Mitt Romney's lead against other GOP presidential hopefuls in a new poll shows there is a certain "weakness" among those in the crowded field, pollster John Zogby, who made the finding, tells Newsmax TV.
"Twenty percent is what he got in a very crowded race and then the next candidate [New Jersey Gov.] Chris Christie is down at 11 percent," Zogby said Thursday on "The Steve Malzberg Show."
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"It’s significant … This at least shows that Mitt Romney did not hurt himself with Republicans. Twenty percent among nine or 10 candidates in the race, that’s a pretty significant number."
But Zogby also said that Romney's dominance reveals that there is "some weakness" on the part of the other candidates.
The poll — of 315 likely Republican primary voters conducted by Zogby Analytics from Aug. 13-15 — placed Romney on top.
The former Massachusetts governor was followed by Christie, Sen. Rand Paul of Kentucky, Sen. Ted Cruz of Texas, former Arkansas Gov. Mike Huckabee, former Florida Gov. Jeb Bush, Wisconsin Governor Scott Walker, and Sen. Marco Rubio of Florida.
Trailing those names were Louisiana Gov. Bobby Jindahl, New Mexico Gov. Suzanna Martinez, Carolina Gov. Nikki Haley, Ohio Gov. John Kasich and Sen. Rob Portman of Ohio.
Romney also led all candidates among men (21%) and women, moderates and conservatives, and among born-again/evangelical Christians.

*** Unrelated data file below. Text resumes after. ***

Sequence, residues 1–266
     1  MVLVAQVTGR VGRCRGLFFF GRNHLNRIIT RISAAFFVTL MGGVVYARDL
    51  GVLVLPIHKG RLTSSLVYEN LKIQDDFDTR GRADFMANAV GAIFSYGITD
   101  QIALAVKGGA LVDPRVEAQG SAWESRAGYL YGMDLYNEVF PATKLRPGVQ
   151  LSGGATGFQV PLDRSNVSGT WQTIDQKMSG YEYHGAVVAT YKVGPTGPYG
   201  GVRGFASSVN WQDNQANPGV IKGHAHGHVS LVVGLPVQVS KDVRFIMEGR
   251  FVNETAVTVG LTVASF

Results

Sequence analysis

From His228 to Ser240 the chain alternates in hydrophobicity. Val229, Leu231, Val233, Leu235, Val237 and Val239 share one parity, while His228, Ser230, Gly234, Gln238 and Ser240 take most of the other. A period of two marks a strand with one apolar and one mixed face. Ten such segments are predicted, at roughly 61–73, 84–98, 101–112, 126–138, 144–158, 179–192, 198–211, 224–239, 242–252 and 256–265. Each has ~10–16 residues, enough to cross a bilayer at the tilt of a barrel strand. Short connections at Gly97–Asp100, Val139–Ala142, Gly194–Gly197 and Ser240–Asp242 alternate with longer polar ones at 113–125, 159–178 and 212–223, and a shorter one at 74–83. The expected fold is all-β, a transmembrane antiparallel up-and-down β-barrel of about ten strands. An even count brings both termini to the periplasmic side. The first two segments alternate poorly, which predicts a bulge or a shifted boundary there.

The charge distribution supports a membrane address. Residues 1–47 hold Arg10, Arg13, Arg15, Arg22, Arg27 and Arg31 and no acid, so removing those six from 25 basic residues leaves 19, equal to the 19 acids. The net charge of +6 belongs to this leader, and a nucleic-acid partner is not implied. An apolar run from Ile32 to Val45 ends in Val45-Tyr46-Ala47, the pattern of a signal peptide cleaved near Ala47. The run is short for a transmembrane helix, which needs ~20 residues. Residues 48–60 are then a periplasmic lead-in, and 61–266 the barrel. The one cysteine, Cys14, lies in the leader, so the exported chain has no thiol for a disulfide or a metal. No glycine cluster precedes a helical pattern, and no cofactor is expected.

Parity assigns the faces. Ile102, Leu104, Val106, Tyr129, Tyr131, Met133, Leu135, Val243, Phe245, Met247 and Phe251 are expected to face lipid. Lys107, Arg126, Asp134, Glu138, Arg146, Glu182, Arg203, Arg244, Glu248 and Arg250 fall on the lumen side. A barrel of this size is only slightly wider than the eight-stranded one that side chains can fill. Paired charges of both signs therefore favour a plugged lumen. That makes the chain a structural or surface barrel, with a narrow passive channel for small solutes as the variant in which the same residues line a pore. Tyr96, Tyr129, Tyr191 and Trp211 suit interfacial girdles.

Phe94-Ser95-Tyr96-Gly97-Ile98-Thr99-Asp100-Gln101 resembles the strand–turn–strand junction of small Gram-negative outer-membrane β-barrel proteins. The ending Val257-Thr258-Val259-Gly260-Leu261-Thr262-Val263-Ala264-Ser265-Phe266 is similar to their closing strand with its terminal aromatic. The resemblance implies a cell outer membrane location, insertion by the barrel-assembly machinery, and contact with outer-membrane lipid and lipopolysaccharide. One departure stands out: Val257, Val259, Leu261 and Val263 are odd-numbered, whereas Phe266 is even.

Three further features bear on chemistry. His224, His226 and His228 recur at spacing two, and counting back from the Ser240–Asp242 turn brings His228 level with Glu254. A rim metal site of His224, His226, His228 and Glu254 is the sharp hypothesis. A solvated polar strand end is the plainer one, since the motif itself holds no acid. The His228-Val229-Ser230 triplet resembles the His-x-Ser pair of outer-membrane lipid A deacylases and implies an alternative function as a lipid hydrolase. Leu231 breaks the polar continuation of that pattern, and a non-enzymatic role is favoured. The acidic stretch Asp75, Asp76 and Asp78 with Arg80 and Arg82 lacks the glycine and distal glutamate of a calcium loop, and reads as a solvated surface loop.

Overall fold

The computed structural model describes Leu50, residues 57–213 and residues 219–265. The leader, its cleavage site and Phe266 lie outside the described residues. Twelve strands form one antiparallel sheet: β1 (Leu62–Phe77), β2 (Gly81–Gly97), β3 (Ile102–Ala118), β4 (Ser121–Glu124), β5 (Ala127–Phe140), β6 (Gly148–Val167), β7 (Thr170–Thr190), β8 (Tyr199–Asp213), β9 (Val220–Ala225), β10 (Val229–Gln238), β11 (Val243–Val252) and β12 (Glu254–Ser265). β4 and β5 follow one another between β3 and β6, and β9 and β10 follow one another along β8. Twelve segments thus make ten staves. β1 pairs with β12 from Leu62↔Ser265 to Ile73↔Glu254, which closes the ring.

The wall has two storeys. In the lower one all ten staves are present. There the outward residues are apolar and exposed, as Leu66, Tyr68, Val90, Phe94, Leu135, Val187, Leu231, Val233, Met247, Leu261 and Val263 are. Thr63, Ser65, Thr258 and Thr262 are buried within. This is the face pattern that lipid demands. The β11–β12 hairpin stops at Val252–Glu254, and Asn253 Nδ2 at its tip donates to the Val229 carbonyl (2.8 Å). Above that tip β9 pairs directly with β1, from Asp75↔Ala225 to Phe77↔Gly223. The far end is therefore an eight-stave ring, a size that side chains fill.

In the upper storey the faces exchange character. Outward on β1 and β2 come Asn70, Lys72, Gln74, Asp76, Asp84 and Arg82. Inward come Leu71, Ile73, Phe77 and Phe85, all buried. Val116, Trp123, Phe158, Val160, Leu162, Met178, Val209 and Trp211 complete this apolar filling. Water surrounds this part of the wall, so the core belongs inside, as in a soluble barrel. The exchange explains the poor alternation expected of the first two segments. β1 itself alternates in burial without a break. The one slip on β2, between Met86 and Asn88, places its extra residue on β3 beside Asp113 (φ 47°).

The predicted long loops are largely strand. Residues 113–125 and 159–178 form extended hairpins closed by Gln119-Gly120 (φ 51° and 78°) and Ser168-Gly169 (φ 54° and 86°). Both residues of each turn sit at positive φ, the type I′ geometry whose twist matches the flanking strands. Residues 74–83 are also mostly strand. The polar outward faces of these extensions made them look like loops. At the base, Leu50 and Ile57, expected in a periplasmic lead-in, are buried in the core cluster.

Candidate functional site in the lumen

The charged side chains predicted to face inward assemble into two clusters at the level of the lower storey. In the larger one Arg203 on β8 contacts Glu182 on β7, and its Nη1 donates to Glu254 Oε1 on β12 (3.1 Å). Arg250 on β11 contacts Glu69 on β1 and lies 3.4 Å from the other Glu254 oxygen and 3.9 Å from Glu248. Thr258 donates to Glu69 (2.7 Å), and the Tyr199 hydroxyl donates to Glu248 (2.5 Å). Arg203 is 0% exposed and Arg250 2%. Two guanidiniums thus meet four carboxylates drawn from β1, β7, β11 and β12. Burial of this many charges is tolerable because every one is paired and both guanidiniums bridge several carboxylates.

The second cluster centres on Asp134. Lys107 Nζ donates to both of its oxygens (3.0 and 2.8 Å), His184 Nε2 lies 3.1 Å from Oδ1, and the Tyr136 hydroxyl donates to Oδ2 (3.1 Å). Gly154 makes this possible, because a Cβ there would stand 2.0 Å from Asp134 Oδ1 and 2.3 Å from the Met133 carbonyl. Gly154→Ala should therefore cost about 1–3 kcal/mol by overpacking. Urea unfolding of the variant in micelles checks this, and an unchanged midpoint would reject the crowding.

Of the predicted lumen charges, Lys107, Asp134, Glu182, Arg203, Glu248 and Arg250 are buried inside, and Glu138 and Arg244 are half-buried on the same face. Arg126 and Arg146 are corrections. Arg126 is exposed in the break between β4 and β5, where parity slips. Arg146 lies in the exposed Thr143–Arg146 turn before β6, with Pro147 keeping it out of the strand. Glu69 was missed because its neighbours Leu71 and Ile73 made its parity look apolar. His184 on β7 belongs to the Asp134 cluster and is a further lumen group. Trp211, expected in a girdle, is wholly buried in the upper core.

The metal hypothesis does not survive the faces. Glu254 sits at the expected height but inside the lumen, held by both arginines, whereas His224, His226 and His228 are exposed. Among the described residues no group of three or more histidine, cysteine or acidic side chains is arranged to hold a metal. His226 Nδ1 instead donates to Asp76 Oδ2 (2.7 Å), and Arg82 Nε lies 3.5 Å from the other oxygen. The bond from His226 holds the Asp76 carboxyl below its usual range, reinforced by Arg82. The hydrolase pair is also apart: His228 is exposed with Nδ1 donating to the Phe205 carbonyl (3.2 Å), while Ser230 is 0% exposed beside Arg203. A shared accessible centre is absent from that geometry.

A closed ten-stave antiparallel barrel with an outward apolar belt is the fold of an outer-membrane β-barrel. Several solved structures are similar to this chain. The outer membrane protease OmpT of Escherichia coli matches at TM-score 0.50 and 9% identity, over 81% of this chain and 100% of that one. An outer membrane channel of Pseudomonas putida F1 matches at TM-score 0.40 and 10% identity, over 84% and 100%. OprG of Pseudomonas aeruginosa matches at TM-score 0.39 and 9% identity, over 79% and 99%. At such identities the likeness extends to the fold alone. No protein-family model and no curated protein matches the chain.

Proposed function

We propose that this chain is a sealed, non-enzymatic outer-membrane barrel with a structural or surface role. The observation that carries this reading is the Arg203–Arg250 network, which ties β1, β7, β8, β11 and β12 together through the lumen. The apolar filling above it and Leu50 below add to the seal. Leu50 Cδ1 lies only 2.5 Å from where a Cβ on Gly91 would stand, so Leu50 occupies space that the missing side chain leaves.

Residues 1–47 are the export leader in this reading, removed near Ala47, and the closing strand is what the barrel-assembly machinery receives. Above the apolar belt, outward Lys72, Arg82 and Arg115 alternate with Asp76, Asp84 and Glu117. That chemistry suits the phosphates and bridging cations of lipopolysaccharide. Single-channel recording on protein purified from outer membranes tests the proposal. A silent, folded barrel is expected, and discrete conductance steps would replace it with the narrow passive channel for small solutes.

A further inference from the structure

"To me, one of the most significant numbers that emerges is the fact that he leads by about 10 points among evangelical Republicans over Mike Huckabee who otherwise you know does fairly well in the polls still," Zogby said.
While many Republicans believe that Romney — who has said he has no interest in running again — will, in fact, not run, Zogby isn't committing himself.
Zogby praised President Barack Obama on his handling of the racial turmoil in Ferguson, Mo., where a black teen was killed by a white cop.
"The president is in a very uncomfortable position of being the first African American president and of having a solid base in constituency not only among African Americans, but people of color and young people as well," Zogby said.
"And his response was measured and calming. In the final analysis it has taken a while to begin to calm things down, but within that context … he acted in a measured, modulated sort of way."
But he was critical of the commander-in-chief reacting in outrage to the gruesome execution of American journalist James Foley by the Islamic terror group ISIS, and then going off to play golf.
"It troubles me that he had a very strong and impressive response to the beheading of James Foley, but going to play golf immediately after was the wrong thing to do," Zogby said.
"I just don’t know what he and his people could’ve been thinking. Hey, everybody … [is] entitled to a vacation, I get that … but there are some things that are inappropriate and send the wrong message, not unlike George W. Bush and the fly over New Orleans [after Hurricane] Katrina.
"It was just the wrong thing to do so certainly President Obama is going to lose some points on that one."
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